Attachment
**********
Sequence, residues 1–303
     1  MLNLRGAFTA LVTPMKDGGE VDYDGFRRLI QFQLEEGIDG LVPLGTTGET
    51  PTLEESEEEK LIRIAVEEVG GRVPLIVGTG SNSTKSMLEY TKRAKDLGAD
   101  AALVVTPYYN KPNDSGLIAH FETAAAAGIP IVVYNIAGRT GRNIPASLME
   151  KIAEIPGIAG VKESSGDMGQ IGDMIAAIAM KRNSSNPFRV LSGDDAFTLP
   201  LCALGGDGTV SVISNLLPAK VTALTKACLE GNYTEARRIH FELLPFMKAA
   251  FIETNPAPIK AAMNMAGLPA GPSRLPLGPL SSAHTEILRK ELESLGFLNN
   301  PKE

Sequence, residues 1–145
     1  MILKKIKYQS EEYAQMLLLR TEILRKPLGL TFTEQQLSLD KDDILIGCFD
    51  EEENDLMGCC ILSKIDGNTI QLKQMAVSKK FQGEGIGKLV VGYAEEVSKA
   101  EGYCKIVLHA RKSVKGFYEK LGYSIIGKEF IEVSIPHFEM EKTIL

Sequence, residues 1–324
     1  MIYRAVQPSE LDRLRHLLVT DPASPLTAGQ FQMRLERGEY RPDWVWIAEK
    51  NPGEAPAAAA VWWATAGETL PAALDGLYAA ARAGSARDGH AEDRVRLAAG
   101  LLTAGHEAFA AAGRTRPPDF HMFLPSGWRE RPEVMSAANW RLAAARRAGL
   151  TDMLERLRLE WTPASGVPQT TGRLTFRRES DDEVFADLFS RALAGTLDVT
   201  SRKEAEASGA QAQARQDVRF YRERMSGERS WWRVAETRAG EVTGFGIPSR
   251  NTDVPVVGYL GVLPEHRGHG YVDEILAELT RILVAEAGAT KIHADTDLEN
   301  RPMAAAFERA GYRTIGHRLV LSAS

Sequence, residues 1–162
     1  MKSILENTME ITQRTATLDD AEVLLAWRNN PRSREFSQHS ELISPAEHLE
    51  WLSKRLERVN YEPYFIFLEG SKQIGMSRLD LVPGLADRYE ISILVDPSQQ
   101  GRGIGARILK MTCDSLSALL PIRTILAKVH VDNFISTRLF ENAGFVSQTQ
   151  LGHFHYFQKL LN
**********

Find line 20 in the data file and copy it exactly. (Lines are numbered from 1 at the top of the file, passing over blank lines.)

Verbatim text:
   301  RPMAAAFERA GYRTIGHRLV LSAS